Years ago, a badly infected, painful tooth, or one that had significant decay, was doomed to be extracted. Today, a majority of these teeth can be salvaged by a special dental procedure called Root Canal Therapy.
A Root Canal Treatment is needed when a tooth’s nerve and associated blood vessels are irreversibly damaged. For example :
- Tooth damaged by trauma.
- A fractured tooth.
- Deep cavity that has infected the nerve.
The end result is the same – an infection that leads to an abscess at the base of the tooth.
Signs and Symptoms
- Throbbing pain in the tooth (especially noticeable when lying horizontal, i.e. in bed at night).
- There may also be a swelling in your jaw.
- The tooth may be painful to chew on.
- Pain on consuming hot and/or cold foods.
- Teeth that are severely worn out.
Your tooth can usually be saved at this time.
A Dentist can save a tooth by removing the diseased nerve tissue, cleaning and then filling the nerve chamber. A root canal is a relatively simple procedure with little or no discomfort involving one to four or more visits. Best of all, it can save your tooth and your smile. The treated tooth usually can function like a normal tooth after Root Canal Therapy.
Extraction is truly the last resort.
Your Dentist Can Help : Healthy Adult Tooth
Your Dentist can assess the extent of damage by a comprehensive dental examination. Your Dentist takes a dental history, examines your teeth and gums, and x-rays your teeth. X-rays allow your Dentist to see the inside of your teeth and the surrounding bone.
Understanding your teeth may help take the mystery out of Root Canal Therapy for you.
Bacteria can invade your tooth through a loose filling, a cavity or a crack. Your pulp becomes infected as it is attacked by bacteria. Eventually, the bacteria may destroy the pulp. At this stage there may or may not be any symptoms. A Root Canal Treatment would usually save this tooth.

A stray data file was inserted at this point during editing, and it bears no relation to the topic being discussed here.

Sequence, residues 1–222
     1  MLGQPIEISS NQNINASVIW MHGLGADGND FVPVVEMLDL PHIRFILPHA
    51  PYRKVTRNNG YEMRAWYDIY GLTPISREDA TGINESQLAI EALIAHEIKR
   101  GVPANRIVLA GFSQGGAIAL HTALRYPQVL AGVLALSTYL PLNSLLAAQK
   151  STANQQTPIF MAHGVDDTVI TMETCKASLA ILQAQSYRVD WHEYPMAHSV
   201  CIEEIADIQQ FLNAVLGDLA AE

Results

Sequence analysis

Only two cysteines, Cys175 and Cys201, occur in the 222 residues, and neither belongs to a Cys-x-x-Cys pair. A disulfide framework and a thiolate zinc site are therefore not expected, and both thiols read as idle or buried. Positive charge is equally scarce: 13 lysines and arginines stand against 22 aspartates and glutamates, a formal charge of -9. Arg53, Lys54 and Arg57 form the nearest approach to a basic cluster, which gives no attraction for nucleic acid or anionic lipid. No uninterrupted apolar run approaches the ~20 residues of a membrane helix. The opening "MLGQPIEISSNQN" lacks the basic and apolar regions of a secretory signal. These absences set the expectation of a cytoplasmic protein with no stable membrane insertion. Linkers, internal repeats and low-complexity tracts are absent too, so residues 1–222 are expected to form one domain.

If left untreated, the infection may even spread to your bone (abscess).
Why do I need Root Canal Treatment ?
Without treatment, infection will spread, bone around the tooth will degenerate and the tooth may fall out. Pain usually increases until one is forced to seek emergency dental attention. The only alternative now is usually extraction of the tooth, which can cause surrounding teeth to shift and weaken. Though an extraction is cheaper, an implant or a bridge to replace the tooth can be more expensive than Root Canal Therapy. If you have a choice, it is always advisable to keep your original teeth. However, there are limitations, and at times a Root Canal Therapy might not be possible. Allow your Dentist to decide.
What is involved in Root Canal Therapy ?
Your treatment may take one or more visits, where the nerve of the offending tooth is removed and the root canal is subsequently filled. You may receive local anaesthesia. Your Dentist may take x- rays to ensure that the full length of your root canal is treated. If your roots are unusually shaped or there are other complications, you may need to have apical surgery (Apicoectomy) as advised by your Dentist.
Step 1: The tooth is anaesthetized and an opening is made through the crown into the pulp chamber.
Step 2 : The length of the root canals is determined. Unhealthy pulp is removed. The canals are cleaned, enlarged and shaped with special root canal files and disinfecting solutions.
Step 3 : Once the tooth is free of infection, the tooth is filled with a special Root Canal Filling material like gutta percha and sealed with a temporary filling.
Step 4 : A post and core may be added for structural support. Usually a metal or porcelain crown is made for the tooth to provide further protection.
Do children require Root Canal Therapy ?
Yes. Very often milk and permanent teeth in children may require Root Canal Therapy, though the procedure varies slightly in milk teeth.
What happens after Treatment ?
After the inside of your tooth has been treated, the outside will be restored to protect your tooth’s underlying structures and give your tooth a healthy appearance. After Root Canal Therapy your tooth should function and feel like your other teeth. Take care of your treated tooth the same way you would your other teeth. Brush and floss regularly. It is advisable to visit your Dentist regularly for preventive check-ups. Your Dentist is trained to see hidden problems that you cannot.